Further to that, the main pro of reading off a screen that people mention again and again seems to be print size, which is not something that tends to bother young whippersnappers with their comparatively good vision. Not including myself there, I’m blind without contacts/specs…  However, large print books are harder and more expensive to come by than ordinary print, so the fact that with an e-reader you just press a button and get LP is great – but you don’t need that till your eyesight starts to go.

I would also make the point that there is actually room for both e-books and paper books – in the same household, no less.  I’ve seen it done by my very own parents.  Shocking, isn’t it.  But ultimately if you’re a voracious reader I think you’ll consume words either way, probably depending on what is more practical for you at the time.  I also think the point made by Ray Ryan about reading essentially being an elite or at least middle class pastime is true – this debate would probably not be of interest in many of the homes of the London rioters.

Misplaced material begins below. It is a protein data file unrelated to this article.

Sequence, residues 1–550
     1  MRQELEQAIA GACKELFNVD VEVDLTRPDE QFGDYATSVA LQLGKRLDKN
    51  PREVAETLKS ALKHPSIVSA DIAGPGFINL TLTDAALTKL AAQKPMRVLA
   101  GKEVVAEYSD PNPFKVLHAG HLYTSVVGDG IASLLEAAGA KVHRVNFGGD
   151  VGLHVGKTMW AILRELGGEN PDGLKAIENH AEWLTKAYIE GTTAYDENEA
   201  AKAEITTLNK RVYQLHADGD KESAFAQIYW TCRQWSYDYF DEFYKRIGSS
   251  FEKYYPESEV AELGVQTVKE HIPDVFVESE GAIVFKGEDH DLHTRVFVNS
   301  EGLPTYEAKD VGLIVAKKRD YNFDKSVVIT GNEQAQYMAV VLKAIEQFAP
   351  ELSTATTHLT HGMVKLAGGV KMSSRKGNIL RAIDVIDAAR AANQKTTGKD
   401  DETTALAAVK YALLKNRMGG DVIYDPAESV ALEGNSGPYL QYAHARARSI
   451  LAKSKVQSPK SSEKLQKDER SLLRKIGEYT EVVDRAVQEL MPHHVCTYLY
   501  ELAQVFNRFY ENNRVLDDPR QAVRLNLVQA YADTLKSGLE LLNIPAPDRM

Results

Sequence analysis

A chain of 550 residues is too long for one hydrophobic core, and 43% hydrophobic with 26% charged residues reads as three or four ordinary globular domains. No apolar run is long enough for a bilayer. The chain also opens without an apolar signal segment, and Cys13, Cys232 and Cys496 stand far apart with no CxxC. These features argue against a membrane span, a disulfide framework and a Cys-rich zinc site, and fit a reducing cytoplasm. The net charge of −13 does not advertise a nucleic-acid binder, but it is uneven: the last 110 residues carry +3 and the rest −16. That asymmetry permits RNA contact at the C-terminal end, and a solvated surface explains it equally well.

Still, all of this is sort of by the by, because at no point did anyone on the panel explain what they meant by a book.  It might sound a bit silly, but I really think a definition of terms would have been handy.  At some points it seemed they were talking about the death of the traditional paper book but at other points it was the book in general; on the grounds that electronic reading encourages dabbling and skimming, essentially making you read in a different way.  Several people argued that an e-book doesn’t give you the same immersive experience as a paper book which I think is probably true, but it doesn’t necessarily follow that an e-book is not a book at all.